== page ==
US accuses Russia of using Ukraine nuke plant as base to launch attacks
United Nations, Aug 1 (EFE).- US Secretary of State Antony Blinken on Monday accused Russia of using Ukraine’s Zaporizhzhia nuclear plant, which has been under the control of Moscow’s invasion forces since March, as a military base from which to launch attacks.
“Russia is now using the plant as a military base to fire at Ukrainians who know that they can’t and won’t shoot back because they might accidentally strike a nuclear reactor or highly radioactive waste in storage,” Blinken said in a speech before the United Nations, where he is representing Washington at the opening of a conference to review the nuclear Non-Proliferation Treaty.
He went on to say that Russia’s behavior raises the concept of using human shields to an “entirely different and horrific level.”
Blinken said that Russia’s invasion of Ukraine, besides being a serious violation of international law, is a direct attack on the nuclear non-proliferation system since it runs counter to the security guarantees Moscow had given to Kyiv in 1994 in exchange for Ukraine’s giving up the nuclear arsenal it inherited from the defunct Soviet Union.
Blinken said that Russia’s move sends the “worst possible message” to those nations who are thinking about whether they need nuclear weapons for their own defense.
The top US diplomat also criticized Russian President Vladimir Putin for playing the Kremlin’s nuclear weapons card to dissuade other nations from involving themselves in the Ukraine conflict.
He said that since Putin ordered the invasion of Ukraine on Feb. 24, Russia has “engaged in reckless, dangerous nuclear saber-rattling.”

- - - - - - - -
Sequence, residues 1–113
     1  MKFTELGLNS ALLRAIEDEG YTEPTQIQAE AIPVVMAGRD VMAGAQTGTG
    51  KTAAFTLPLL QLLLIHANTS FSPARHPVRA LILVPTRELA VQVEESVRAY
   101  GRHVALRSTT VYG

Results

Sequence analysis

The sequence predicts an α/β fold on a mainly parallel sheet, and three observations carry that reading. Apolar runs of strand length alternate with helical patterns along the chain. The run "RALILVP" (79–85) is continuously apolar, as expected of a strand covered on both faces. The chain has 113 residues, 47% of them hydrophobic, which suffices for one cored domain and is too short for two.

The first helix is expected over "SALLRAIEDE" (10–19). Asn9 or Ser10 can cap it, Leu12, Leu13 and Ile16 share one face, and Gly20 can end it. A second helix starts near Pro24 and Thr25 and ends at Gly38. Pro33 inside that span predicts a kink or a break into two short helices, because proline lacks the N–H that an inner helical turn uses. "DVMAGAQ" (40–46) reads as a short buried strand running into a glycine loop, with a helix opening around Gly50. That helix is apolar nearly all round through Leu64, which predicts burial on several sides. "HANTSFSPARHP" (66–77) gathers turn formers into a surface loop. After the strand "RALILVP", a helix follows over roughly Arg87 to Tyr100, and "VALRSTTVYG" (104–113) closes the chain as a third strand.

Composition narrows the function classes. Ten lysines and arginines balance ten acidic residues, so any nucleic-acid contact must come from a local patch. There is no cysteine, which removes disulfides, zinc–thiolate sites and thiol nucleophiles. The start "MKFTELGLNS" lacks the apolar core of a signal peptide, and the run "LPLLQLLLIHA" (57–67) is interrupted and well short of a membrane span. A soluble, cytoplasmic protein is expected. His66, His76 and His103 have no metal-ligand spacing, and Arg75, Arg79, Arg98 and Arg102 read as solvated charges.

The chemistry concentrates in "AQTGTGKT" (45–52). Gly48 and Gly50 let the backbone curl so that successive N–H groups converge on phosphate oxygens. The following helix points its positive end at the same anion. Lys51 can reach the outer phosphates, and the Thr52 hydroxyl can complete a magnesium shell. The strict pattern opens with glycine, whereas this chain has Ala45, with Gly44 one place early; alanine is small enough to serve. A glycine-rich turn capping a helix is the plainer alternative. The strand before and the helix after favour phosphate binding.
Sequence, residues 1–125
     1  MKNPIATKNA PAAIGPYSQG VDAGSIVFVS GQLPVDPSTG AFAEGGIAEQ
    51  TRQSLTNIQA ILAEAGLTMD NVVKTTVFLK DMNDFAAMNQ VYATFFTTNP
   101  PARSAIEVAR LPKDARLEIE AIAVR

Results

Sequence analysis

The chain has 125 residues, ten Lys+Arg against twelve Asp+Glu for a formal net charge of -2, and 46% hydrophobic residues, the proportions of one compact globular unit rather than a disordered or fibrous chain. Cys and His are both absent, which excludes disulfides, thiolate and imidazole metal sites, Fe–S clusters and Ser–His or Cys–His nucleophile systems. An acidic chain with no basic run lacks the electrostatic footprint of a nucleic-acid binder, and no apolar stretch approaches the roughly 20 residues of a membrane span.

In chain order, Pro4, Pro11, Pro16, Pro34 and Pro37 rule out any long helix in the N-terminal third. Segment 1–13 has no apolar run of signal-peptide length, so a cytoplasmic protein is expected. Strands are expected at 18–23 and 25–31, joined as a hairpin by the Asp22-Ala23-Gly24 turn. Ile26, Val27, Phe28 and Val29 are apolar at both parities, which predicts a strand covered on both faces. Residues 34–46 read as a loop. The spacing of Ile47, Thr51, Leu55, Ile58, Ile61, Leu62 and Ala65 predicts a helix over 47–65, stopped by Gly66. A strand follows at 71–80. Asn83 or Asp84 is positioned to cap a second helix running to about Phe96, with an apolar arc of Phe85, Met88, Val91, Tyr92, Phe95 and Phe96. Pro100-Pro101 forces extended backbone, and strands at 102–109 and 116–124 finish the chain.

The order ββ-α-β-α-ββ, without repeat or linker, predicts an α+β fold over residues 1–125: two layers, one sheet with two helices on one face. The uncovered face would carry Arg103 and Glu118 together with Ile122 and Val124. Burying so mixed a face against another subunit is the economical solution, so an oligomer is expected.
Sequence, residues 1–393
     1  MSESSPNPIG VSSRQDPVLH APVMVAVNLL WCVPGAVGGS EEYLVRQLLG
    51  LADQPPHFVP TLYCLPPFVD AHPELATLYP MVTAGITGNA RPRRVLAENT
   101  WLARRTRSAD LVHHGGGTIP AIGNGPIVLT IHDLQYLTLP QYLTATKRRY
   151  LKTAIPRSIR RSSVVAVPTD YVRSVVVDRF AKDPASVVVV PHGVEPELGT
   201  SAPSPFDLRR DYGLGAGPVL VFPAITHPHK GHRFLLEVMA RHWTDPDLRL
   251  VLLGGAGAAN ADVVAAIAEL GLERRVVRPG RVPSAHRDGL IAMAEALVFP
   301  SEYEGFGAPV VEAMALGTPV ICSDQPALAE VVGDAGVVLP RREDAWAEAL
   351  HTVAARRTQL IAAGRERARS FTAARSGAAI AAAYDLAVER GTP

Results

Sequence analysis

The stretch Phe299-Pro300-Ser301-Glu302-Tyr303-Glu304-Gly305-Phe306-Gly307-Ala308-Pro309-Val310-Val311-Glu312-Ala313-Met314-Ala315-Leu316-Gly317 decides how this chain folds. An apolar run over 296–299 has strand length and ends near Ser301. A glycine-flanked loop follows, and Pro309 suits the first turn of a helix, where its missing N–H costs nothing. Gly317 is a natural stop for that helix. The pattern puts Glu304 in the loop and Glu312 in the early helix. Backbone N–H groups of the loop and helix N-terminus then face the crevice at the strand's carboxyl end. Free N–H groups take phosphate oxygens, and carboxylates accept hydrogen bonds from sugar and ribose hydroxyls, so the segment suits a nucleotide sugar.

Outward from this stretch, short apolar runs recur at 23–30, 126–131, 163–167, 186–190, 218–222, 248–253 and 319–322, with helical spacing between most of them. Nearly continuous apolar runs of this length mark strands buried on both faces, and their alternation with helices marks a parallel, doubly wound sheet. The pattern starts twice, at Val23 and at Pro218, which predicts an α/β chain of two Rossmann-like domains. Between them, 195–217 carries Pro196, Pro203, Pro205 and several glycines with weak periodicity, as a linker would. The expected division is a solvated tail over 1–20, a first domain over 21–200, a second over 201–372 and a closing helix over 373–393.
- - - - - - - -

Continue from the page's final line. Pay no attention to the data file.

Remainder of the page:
“(Russia’s) actions are also directly contrary to the assurances it provided to Ukraine in 1994 in the so-called Budapest Memorandum,” Blinken said, adding that these were “Assurances of Ukraine’s sovereignty and independence that were vital to giving Ukraine the confidence to give up the nuclear weapons it inherited when the Soviet Union dissolved and that were left on its territory.”
He noted that the US – which, with Russia, is one of the world’s two nations with the most nuclear weapons – remains committed to reducing its own arsenal and ensuring that weapons of this kind are never used again, after the US used them twice against Japan to bring World War II to a close.
In that regard, he emphasized the agreement that after just two weeks in office US President Joe Biden concluded with Putin to extend until 2026 the New START treaty and the US leader’s willingness to negotiate as soon as possible a new text to replace that treaty, which limits the number of strategic nuclear weapons the two countries may possess.
Blinken said that the conference to review the NPT comes at a key moment, among other things because of the threat posed by North Korea’s nuclear program and as Washington is trying to negotiate with Iran to return to the 2015 nuclear pact, from which former President Donald Trump withdrew the US.
As he emphasized, reestablishing that pact “remains the best outcome for the United States, for Iran, for the world.”